Have You Met Galuh?

no picture Virginia Gunawan
Inscrit le 17 novembre 2013
  • 1 Article

Have You Met Galuh?

He is the typical Indonesian twelve years old boy. He goes to school from seven to twelve then, after his brief lunch, he goes to his father’s coconut kiosk. Galuh’s father sells coconut drinks. Under the hot, blistering sun of Surabaya, coconut water is one of the most sought after drink. No wonder Galuh’s father business thrives. However, there are two other kiosks, right next to their kiosk, selling coconut from the exactly same plantation striving to keep their customers. What could has Galuh’s father done right? Or, what could has Galuh done right?

Galuh loves to help his father. He loves to interact with people and people love to interact with Galuh. He knows exactly how much framboise flavored syrup need to be added on certain customers. He adds at least two to four more ice cubes when the weather gets hotter. He keeps their kiosk clean and prepared to welcome their customer. Galuh is giving more.

Giving more is not a common practice in business unless it is followed after paying more. To get more, you have to pay more. In fact, the basic understanding of the economy is to get a certain product at a certain price. Therefore, the most economically logical explanation in selling things is to give exactly, if not less, as what you have been paid.

Galuh, on the other hand, may or may not understand this concept, but he understands the concept of being a “nice person.” It means that he has to take everything into consideration when helping his father’s kiosk. He knows people want their coconut water to be slightly cooler on a sunnier day, so he asks his father if he could add more ice cubes. A simple act of considering what the customers’ wants and needs has made their kiosk busier than the other kiosks.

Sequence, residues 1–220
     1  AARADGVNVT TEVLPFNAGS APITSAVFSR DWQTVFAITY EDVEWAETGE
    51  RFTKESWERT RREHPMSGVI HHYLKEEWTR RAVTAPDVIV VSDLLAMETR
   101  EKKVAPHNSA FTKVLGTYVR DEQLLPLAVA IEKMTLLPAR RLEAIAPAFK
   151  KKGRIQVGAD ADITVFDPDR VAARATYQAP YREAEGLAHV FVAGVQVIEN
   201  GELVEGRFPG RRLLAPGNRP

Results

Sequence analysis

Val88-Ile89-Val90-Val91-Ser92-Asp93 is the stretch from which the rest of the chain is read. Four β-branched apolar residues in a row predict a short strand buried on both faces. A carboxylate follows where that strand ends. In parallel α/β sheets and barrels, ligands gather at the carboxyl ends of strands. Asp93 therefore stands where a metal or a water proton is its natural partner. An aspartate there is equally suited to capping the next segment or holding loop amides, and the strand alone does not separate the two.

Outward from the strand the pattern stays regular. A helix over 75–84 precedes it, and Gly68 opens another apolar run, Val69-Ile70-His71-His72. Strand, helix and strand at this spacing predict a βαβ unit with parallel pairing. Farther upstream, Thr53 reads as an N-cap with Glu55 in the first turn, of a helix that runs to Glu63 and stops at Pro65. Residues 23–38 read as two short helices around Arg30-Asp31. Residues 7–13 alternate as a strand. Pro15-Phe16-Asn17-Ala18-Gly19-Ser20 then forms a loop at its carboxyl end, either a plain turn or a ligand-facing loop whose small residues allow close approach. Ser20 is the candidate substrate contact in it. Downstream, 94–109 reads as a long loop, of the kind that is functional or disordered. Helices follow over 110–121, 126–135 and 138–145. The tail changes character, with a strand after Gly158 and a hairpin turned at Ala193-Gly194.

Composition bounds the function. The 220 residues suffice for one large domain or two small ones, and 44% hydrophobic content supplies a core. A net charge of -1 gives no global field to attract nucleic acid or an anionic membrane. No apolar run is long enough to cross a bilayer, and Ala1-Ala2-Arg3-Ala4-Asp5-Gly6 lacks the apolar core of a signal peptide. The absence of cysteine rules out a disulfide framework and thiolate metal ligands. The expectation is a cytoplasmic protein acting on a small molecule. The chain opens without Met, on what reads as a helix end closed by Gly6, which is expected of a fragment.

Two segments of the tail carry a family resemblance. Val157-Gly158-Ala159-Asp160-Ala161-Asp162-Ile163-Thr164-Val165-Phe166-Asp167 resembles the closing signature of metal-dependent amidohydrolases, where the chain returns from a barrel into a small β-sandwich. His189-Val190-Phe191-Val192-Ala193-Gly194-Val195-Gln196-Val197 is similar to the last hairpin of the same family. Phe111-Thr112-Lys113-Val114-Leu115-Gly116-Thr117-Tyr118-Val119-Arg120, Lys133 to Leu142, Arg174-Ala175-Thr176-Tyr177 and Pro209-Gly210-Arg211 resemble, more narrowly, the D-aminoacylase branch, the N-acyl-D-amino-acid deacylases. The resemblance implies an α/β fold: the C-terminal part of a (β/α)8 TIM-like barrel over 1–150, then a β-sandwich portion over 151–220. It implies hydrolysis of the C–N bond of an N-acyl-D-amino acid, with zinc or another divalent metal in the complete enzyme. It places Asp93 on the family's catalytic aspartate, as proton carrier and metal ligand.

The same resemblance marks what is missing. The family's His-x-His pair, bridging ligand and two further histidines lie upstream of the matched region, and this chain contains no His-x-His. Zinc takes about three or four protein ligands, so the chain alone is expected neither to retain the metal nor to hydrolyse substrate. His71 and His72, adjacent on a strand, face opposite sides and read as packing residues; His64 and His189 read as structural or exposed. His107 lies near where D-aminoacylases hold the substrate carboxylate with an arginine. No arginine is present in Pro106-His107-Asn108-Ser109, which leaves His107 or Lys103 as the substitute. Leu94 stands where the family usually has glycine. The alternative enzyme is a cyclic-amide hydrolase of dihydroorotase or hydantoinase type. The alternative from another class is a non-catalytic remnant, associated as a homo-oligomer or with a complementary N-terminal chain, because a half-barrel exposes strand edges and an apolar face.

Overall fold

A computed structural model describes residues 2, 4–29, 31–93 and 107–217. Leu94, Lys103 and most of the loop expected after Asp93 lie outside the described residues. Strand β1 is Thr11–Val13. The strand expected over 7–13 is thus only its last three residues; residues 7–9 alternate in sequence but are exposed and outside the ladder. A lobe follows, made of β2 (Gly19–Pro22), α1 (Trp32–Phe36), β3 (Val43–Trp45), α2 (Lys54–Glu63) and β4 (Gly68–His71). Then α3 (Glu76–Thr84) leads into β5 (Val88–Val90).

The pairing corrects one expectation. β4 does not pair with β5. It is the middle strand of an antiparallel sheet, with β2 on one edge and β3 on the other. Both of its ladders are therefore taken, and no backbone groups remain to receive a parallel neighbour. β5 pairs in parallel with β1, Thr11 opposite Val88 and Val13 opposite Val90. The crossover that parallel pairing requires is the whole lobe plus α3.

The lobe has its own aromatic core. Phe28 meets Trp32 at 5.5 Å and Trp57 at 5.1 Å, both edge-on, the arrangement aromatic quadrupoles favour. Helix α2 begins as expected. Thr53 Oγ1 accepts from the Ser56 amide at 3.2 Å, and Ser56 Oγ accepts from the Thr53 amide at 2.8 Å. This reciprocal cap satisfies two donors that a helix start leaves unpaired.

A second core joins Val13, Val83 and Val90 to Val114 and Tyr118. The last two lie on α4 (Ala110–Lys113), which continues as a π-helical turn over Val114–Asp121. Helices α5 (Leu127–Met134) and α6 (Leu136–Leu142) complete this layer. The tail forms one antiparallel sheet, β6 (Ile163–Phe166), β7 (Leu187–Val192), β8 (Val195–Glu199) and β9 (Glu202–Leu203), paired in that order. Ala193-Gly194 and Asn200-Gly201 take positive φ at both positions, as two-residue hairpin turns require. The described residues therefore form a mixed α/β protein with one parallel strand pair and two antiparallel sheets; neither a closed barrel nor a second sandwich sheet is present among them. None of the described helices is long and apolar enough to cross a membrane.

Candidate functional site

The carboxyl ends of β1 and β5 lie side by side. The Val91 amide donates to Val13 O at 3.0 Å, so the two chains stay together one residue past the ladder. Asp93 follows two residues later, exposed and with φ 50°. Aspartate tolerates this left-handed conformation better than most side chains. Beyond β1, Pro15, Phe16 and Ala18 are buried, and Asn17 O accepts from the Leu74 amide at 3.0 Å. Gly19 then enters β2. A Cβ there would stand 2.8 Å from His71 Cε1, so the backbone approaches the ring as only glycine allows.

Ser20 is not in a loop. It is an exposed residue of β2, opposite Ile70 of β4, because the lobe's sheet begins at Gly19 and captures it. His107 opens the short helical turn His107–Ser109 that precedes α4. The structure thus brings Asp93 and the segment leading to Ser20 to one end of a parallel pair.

The practice Galuh performs can be applied in every business. Taking everyone and everything into consideration while making every day business decisions are important these days, but have easily slipped out our minds. Reflecting on Galuh’s example, giving more, would not only benefit the customer but also the business itself. His thought of innocence and sincere gesture might be the root out of our complicated and horrid competition in current business.

Imagine, ten years from now and Galuh had grown into a young man. Would he still remember to be a “nice person”?

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